to 306, the lowest in a month.

— With signs that the outbreak has
stabilized in places, President Donald Trump said he would not extend
the White House’s social-distancing guidelines past their expiration
Thursday. Those guidelines encouraged people to work from home and avoid
restaurants, groups and nonessential travel.

— Prime Minister
Boris Johnson said Britain is “past the peak” and “on a downward slope”
in its coronavirus outbreak. At his first news conference in more than a
month following a bout with COVID-19, Johnson said he will present a
timetable next week for easing the country’s lockdown.

— Russian Prime Minister Mikhail Mishustin, 54, said he has tested positive for the virus and will go into isolation.

the Continent, France’s economy shrank an eye-popping 5.8%, the biggest
quarterly drop since 1949. In Spain, the contraction was 5.2%. Germany
is projecting that its economy, the eurozone’s biggest, will shrink 6.3%
this year.

Joblessness in Europe has reached 7.4%, the statistics agency Eurostat reported. However, big job-protection programs run by governments are temporarily keeping millions of Europeans on payrolls, sparing them the record-setting flood of layoffs that is battering the U.S.

This week, the U.S. estimated that its economy shrank at a
4.8% annual rate in the first three months of the year, the sharpest
quarterly drop since the 2008 financial crisis. The current quarter is
expected to be much worse, with a staggering 40% drop projected.

analysts saw a glimmer of hope in the way new unemployment claims have
fallen for four straight weeks. Andrew Stettner, a senior fellow at the
Century Foundation, said the wave of layoffs at vulnerable businesses
such as restaurants, hotels and stores may have largely run its course.

for now, the economic contagion seems to have plateaued,” Stettner
said. “But we’re still at a level that is a mortal threat to the
nation’s financial well-being.”

Across the U.S., many governors
have taken steps to gradually reopen their economies, amid impatience
among Americans who complain their livelihoods are being destroyed and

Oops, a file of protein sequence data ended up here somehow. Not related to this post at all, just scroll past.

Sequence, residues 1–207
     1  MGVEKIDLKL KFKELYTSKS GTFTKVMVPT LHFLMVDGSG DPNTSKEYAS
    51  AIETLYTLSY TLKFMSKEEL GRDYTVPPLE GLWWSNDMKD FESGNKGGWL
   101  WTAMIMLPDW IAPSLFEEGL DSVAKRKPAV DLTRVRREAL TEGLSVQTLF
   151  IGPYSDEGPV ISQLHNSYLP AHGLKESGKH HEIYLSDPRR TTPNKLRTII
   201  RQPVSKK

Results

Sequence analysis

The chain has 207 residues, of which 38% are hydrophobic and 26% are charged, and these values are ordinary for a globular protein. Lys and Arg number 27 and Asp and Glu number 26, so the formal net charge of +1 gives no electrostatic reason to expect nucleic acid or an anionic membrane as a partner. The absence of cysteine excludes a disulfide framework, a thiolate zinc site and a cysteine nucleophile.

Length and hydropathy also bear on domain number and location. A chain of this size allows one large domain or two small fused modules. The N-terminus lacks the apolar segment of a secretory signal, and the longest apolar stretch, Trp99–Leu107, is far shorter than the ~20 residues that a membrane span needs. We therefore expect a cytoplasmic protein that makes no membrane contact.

their rights trampled.

In Michigan, hundreds of protesters
returned to the Capitol to denounce Gov. Gretchen Whitmer’s stay-home
order and business restrictions. Whitmer, a Democrat, wants Republican
lawmakers to extend her emergency declaration 28 days.

But even in states where businesses are being allowed to reopen, some workers are uneasy about returning.

Ward, an Omaha hairstylist, said she is worried that the Nebraska
governor’s decision to let salons reopen on May 4 could put her and her
family at risk. She would prefer to collect unemployment until the
danger subsides.

“I feel like we are literally the guinea pigs in this situation,” she said.

Price, furloughed in March from his job at Del Frisco’s Grille in a
Nashville suburb, has been asked to come back but is wary, especially
since he is susceptible to respiratory infections.

“Even with
every precaution taken, I’m highly at risk,” he said. “The fact that my
job is just, ‘Come on up, make some money,’ it’s insane. It’s absolutely
insane to ask that of people.”

Finding enough workers willing to
return is proving to be a challenge for Jennifer Holliday, manager at a
restaurant in Oklahoma City that will reopen its dining room Friday.
Many of her employees are not returning calls or messages.

“There are some who want to just ride it out and take the unemployment,” she said.

Rugaber reported from Washington, Leicester from Paris. AP reporters around the world contributed to this report.